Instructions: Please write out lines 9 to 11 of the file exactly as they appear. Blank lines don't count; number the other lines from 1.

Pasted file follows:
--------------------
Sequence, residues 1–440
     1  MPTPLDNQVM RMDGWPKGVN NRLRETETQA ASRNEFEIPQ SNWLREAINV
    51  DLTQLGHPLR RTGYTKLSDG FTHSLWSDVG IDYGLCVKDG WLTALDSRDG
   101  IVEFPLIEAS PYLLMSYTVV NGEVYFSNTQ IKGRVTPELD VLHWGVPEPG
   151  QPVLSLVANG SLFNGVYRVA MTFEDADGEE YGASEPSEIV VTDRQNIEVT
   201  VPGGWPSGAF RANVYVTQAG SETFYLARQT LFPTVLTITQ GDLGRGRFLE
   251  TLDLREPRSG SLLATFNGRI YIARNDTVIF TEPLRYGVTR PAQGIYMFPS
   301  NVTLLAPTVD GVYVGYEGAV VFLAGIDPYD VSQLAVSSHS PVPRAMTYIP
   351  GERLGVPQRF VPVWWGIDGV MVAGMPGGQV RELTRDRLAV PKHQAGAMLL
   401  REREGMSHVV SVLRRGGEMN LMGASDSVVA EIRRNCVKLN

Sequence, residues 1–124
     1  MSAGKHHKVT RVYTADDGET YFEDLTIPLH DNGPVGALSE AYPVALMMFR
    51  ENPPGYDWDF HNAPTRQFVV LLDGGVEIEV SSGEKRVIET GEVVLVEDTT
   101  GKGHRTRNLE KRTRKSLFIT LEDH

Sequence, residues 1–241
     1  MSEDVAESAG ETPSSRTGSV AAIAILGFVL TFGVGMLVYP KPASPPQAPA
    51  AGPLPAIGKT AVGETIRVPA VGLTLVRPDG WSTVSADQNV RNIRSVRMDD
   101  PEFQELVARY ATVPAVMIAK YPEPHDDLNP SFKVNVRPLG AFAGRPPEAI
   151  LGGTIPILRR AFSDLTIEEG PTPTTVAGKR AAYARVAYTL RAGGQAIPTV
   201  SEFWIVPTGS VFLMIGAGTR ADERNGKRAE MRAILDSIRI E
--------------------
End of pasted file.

   351  GERLGVPQRF VPVWWGIDGV MVAGMPGGQV RELTRDRLAV PKHQAGAMLL
   401  REREGMSHVV SVLRRGGEMN LMGASDSVVA EIRRNCVKLN

Sequence, residues 1–124